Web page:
Virtual Voices
Michael Jordan (left) and Lebron James
Associated Press/Photos by (Jordan) Karl DeBlaker and (James) Eric Gay
Michael Jordan (left) and Lebron James

Who’s the best? Comparison ruins appreciation

Sports

Here we are in the middle of the NBA Finals and a debate rages. It is not about whether the Miami Heat or San Antonio Spurs will win. It is not about whether Tim Duncan will win his fifth title. No, the question up for debate is whether Lebron James is as good as Michael Jordan. Let me settle this one: Lebron James is not Michael Jordan—he’s not even close. And I’m not even a Jordan fan. Michael Jordan was a once-in-a-lifetime basketball player. Lebron James is merely once-in-a-generation. In fact, I am not certain why this comparison persists in the media, at sports bars, and in living rooms across America. Actually, I do know why: The question of “Which athlete is better?” is one of the most consistently engaging debates sports fans have. We love the comparison game.

But so what if Lebron is no MJ? To get caught up in the comparison is to miss something important (and obvious). Lebron James is too good to not appreciate. This doesn’t mean we have to like him or root for him, but only a fool would fail to appreciate his greatness. No matter what you think of his history or histrionics, James deserves the appreciation of every basketball fan.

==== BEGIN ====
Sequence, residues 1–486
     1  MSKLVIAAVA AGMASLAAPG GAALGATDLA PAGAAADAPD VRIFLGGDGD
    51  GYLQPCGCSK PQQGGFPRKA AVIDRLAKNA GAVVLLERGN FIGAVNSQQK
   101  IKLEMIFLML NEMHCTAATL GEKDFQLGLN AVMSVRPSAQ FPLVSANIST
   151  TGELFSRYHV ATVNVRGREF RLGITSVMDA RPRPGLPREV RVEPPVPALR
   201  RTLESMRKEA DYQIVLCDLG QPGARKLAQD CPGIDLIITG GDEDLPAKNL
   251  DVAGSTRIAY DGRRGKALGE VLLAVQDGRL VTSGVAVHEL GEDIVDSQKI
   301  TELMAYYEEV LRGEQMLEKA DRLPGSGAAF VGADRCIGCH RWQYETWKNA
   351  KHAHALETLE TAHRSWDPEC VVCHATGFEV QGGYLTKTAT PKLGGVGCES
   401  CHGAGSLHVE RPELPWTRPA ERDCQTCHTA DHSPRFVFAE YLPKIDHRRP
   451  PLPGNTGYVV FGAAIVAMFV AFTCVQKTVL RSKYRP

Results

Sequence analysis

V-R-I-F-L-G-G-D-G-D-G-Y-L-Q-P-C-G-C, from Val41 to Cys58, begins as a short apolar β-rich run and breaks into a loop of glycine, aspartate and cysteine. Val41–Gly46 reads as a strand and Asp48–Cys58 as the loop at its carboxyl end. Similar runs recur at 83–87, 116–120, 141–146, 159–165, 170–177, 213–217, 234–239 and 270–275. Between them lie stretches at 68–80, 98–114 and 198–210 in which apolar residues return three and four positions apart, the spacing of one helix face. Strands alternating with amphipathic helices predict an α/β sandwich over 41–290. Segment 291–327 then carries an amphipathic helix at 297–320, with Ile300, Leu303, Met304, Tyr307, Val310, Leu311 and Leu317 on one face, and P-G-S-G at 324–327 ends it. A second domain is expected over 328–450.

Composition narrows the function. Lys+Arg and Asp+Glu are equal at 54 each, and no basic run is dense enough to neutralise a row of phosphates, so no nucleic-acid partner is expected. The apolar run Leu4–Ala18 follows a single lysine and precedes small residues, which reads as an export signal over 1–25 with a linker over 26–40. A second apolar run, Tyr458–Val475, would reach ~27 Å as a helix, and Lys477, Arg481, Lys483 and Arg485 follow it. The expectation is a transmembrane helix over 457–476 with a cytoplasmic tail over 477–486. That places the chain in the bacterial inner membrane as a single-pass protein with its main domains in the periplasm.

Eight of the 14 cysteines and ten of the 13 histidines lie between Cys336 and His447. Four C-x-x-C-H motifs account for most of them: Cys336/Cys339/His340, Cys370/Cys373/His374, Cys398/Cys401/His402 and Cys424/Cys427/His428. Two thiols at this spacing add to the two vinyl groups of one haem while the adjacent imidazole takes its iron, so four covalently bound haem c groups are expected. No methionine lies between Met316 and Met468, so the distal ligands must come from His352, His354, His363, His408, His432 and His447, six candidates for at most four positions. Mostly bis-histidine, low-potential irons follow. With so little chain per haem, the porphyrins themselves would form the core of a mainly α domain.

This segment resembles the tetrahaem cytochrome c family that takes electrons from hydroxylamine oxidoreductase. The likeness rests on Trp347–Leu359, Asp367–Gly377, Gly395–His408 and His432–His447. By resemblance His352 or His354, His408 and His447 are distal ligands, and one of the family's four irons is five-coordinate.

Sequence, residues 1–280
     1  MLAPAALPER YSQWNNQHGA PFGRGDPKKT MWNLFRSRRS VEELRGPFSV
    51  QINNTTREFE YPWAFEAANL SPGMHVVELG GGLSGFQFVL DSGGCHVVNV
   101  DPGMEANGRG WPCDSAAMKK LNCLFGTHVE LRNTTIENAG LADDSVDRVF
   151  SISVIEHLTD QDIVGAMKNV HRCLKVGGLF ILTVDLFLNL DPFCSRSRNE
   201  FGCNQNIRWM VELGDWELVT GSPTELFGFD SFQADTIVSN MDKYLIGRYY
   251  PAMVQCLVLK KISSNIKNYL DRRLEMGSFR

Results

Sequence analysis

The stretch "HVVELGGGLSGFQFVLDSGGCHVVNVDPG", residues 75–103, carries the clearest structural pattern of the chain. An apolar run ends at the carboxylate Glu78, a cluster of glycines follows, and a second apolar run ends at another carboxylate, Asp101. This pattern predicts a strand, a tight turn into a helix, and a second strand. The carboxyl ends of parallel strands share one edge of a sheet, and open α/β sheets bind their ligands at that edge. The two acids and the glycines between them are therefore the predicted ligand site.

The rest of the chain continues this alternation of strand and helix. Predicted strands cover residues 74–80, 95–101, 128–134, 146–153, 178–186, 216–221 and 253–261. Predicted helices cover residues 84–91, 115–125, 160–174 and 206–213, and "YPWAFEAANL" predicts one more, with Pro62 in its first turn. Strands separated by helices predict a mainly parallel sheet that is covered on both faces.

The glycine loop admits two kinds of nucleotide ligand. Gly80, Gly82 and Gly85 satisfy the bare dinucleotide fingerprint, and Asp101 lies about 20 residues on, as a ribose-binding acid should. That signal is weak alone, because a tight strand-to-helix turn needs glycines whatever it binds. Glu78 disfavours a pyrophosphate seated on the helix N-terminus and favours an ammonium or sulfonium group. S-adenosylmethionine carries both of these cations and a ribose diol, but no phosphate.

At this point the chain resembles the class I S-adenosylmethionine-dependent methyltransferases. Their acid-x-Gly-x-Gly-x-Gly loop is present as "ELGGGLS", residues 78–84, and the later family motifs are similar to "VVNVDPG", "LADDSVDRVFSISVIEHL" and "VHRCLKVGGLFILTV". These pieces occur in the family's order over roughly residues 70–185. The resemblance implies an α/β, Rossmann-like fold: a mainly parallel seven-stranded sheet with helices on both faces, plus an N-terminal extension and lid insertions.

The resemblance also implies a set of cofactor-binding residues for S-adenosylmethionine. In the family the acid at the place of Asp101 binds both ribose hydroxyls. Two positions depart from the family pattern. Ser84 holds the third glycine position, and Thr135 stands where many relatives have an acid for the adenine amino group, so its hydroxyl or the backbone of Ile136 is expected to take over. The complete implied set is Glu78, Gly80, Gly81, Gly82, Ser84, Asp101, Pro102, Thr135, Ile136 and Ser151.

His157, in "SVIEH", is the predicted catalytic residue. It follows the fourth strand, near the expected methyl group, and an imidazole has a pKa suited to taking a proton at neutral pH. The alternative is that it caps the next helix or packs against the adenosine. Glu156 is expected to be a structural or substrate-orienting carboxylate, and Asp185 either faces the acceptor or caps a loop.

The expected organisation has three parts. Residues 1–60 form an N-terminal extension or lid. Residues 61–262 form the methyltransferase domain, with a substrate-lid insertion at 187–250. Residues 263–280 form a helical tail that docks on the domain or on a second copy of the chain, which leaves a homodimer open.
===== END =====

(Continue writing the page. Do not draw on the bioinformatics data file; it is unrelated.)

Comparisons are poison to appreciation—whether it is a debate with a friend over which basketball player is better or an internal deliberation over whether I should stay at my job or take another one. But don’t we do this all the time? We do it with our homes, cars, jobs, and even our children and spouses. We do it at restaurants. “Oh, this steak can’t compare to the one I had one time in Austin.” We do it at parties. “You know, the shindig at the Smiths was a lot more lively than this.” We compare everything in life.

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And the chances we have to appreciate things are brief because life is short. To expend so much energy comparing takes the limited days we have and turns them sour and empty instead of sweet and full, leaving us with discontent. We end up filling our time wishing we were with someone else somewhere else doing something else. What a waste.

Whether it is Lebron James, a steak, or a party, we would be wise to appreciate it. It doesn’t matter if it is “the best.” This side of heaven there will nearly always be something more appealing out there. Instead, we should willfully choose to appreciate all aspects of life for what God made them to be. For we only find true contentment when we appreciate what He has set before us.

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